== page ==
[AB]: My manager, Zahra Bukhari. She’s one of the most intelligent people I’ve ever worked with and she’s one of those people who actually shares what she knows, which is incredible.
I feel like I’ve learned so much from her. She came from a high-powered job in the financial industry and I think that she’s just carried that with her. She sits at the table and is present and outspoken in those conversations, and I admire that. I know that a lot of times when you’re uncertain about something, especially if you’re new, you might feel hesitant to speak up.
Zahra’s taught me that you just have to own it and go forth with confidence. Even if you’re wrong, you can always take ownership of being incorrect or not knowing the answer, but she’s taught me to take a seat at the table, be present, and lean in.
"You have to own it and go forth with confidence. Even if you're wrong, you can always take ownership of being incorrect or not knowing the answer, but she’s taught me to take a seat at the table, be present, and lean in."
[AM]: We hear about so many incredible companies working at Klaviyo. Are there any women-lead brands that you think are excelling in the space? Who and why?
[AB]: Manasi Gangan came to Klaviyo and talked about her business, Nested Bean, where she created sleepers for babies with a weighted piece that goes over their chest. She was working at Fidelity, became pregnant, went on maternity leave, and her kid wasn’t sleeping at all. And out of necessity, she created this incredible brand.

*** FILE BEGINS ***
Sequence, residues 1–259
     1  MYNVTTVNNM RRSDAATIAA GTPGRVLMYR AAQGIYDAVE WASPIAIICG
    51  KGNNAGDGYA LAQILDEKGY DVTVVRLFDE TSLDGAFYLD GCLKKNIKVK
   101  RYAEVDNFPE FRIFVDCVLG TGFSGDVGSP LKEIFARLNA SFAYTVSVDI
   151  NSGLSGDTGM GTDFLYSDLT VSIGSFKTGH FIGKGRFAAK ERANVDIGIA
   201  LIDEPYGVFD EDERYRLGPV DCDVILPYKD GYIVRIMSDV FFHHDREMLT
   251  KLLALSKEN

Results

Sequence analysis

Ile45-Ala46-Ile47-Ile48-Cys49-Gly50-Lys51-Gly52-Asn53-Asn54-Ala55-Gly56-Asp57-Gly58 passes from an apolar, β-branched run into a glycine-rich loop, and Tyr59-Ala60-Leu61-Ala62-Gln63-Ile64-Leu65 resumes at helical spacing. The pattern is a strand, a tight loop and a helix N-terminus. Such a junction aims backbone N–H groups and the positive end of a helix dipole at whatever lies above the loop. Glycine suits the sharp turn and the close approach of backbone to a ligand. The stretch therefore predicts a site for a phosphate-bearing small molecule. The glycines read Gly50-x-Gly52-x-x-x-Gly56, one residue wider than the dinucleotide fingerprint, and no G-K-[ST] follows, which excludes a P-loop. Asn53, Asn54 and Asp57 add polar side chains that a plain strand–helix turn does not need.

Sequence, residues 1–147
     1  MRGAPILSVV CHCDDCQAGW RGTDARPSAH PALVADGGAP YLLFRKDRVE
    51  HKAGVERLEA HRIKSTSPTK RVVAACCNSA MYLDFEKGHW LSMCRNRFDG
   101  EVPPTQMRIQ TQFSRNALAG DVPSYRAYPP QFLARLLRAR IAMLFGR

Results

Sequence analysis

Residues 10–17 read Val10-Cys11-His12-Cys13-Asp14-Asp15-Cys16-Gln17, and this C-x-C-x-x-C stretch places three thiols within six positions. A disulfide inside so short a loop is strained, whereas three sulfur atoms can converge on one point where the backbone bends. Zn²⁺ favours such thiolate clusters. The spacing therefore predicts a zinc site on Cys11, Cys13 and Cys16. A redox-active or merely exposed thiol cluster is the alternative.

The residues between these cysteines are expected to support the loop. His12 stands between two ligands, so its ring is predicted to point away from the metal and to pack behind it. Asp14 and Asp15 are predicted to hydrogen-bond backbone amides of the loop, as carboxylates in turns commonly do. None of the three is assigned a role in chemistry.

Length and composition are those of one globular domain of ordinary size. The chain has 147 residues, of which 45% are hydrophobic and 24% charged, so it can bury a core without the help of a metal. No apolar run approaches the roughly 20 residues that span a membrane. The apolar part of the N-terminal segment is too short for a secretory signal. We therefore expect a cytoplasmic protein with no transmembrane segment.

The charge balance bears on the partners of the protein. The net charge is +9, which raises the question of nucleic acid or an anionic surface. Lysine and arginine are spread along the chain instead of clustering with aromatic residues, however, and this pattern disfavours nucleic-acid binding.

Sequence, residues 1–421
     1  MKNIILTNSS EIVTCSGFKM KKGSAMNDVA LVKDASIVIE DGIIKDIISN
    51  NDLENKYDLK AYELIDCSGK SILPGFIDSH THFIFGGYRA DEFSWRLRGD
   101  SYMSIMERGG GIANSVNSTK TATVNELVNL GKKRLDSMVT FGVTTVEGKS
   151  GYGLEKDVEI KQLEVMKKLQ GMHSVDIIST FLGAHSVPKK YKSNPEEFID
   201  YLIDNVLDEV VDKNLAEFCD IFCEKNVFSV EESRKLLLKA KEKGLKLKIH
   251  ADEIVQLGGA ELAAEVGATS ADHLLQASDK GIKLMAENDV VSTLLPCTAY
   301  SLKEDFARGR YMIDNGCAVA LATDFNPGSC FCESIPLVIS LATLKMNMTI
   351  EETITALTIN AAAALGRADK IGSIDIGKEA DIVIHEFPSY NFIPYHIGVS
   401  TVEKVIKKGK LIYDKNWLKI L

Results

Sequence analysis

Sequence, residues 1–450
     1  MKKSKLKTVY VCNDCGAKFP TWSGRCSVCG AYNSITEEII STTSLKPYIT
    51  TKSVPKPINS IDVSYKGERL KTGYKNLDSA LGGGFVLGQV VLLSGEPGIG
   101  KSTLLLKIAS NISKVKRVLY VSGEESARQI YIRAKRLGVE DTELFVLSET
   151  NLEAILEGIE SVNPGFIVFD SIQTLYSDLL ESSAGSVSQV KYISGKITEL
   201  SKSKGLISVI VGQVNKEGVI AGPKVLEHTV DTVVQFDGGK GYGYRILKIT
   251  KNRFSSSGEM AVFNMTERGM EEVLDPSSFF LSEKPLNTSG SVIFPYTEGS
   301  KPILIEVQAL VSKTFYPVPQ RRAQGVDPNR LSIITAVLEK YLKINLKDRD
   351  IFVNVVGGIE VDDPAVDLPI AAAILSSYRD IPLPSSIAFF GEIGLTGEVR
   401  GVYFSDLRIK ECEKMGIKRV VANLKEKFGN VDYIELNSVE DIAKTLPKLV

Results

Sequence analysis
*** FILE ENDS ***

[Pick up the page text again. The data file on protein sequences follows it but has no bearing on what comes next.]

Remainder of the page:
She’s just a boss. I asked if she went back to her job after starting the company and she said, “I only went back to give my two weeks notice,” because she had created a successful brand basically overnight.
[JL]: The Love is Project, which was started by Chrissie Lam, sells unique bracelets crafted by female artisans in developing countries and all the bracelets contain one word, “LOVE.” In a world that can feel heavy and discouraging at times, especially right now, there is one thing that binds us all together, and that is LOVE.